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  1. Not to nitpick but that Cuddyer contract was with the Twins

    Comment by The Humber Games — March 14, 2013 @ 10:09 am

  2. Don’t forget the value added by his speed on the base paths, 86.6% SB rate last 3 years with 37 SB’s last season. His ability to steal may be the key to making this deal a steal for the Brewers.

    Comment by McAnderson — March 14, 2013 @ 10:22 am

  3. His career BSR is 17.2 runs, in 2130 PA. In 400-500 PA, that is +3-4 runs– he’ll still need to get on base and hit for power to be worth the money…

    Comment by Eric R — March 14, 2013 @ 10:34 am

  4. I did my own analysis of the Homerun Tracker data to look at top gainers in homerun distance from ’11 to ’12, and Carlos Gomez tops the list with an average 53 foot gain on his homerun. That tells me he did something different last year and was hitting the ball further vs. getting more lucky homeruns.

    Also, his average distance crossed the 400ft threshold which seems to be the line for guys that are traditional power hitters — Over 405 ft and your talking about elite power guys. This tells me that he likely has room to beat last year HR total as well.

    Comment by MLB Rainmaker — March 14, 2013 @ 10:52 am

  5. Take a look at the projections by Bill James.

    I did and it projects me to get a 40% raise and marry Kate Upton this year.

    Comment by Captain Willard — March 14, 2013 @ 10:58 am

  6. One thing I don’t think most people realize about Gomez is his size. The man is 6-4, 210. It’s not like he is a small, speedy outfielder who lucked into some homers.

    Comment by jward106 — March 14, 2013 @ 11:08 am

  7. Gomez was never seen as a platoon player by the Brewers. Morgan was the starting CF but was so awful against LHP that they were platooning him, Gomez happened to be the guy behind him.

    Gomez changed his approach in 2011. The Twins had spent a lot of time trying to get him to hit grounders and the Brewers said be Carlos Gomez and play your own game. He started hitting the ball in the air a lot more and the power followed. If not for a horrid April in 2011 his ISO would have been higher that year than it is this year. It was a .296 in the 2nd half of 2011. The power is definitely for real, unfortunately so is the swing at everything approach.

    Comment by Ender — March 14, 2013 @ 11:09 am

  8. I don’t know why James’ projections are cited so much in serious articles/conversations. James himself is on the record as saying they are just for fun and his process for developing them is unscientific.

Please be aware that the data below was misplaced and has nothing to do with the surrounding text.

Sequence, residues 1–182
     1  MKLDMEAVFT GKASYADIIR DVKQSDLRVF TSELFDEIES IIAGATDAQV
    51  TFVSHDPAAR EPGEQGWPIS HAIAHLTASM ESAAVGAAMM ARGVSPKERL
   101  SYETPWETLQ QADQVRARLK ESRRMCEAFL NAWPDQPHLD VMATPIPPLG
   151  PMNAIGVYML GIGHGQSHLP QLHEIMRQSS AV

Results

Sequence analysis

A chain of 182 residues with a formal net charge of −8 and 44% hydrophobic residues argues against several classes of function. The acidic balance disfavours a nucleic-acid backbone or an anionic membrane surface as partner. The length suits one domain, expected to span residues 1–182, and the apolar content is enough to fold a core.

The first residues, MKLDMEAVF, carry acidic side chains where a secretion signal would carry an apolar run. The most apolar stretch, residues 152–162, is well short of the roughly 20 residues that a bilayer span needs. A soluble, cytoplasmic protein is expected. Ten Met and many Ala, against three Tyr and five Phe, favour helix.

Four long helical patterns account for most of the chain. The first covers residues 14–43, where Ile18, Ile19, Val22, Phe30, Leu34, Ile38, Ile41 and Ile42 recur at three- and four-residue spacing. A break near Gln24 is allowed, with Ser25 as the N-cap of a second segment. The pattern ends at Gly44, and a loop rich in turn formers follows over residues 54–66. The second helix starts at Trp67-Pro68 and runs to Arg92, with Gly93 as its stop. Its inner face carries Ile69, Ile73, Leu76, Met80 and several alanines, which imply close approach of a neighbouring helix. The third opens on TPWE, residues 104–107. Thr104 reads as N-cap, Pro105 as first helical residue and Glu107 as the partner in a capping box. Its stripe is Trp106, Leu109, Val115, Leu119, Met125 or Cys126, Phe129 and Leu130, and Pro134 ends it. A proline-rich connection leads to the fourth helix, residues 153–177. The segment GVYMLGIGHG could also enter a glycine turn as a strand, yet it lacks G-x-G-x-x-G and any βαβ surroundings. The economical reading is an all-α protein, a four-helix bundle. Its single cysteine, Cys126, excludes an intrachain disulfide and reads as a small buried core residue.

Comment by TD — March 14, 2013 @ 11:35 am

  9. Not nitpicking. Thanks!

    Comment by Eno Sarris — March 14, 2013 @ 11:35 am

  10. No hope on the on-base percentage I don’t think.

    Comment by Eno Sarris — March 14, 2013 @ 11:35 am

  11. Leaving fly balls out of your sample degrades the size and shape of your sample. In other words: why leave fly balls out and only look at balls that went over the fence? You’re only looking at one tail of his fly ball distribution.

    Comment by Eno Sarris — March 14, 2013 @ 11:36 am

  12. You know why I used them? They are the most pessimistic about Gomez. Interesting?

    Comment by Eno Sarris — March 14, 2013 @ 11:37 am

  13. Yes that was my conclusion in my article that I linked to in the bottom, that he was just finally being more comfortable being who he was and not trying too hard to be someone else. As for the platoon bit, dunno. Seemed to me like he was being platooned, but maybe it was Morgan’s ‘fault.’

    Comment by Eno Sarris — March 14, 2013 @ 11:38 am

  14. Are they really? I haven’t looked them up, but I thought Bill James was always much more optimistic than the other guys.

    Comment by vivalajeter — March 14, 2013 @ 11:48 am

  15. Nice write-up, but it seems like some of the analysis ignores that he was already under contract for about $4MM this year. This line in particular:

    “If he can manage even two seasons of average production, he could return to being a platoon-first defensive outfielder for the last two seasons of the deal and the deal would still be fine.”

    The first of the two seasons would have been a net-gain even without the extension. So they’d essentially be paying an extra $24MM for 1 year of average production and 2 years of platoon-first.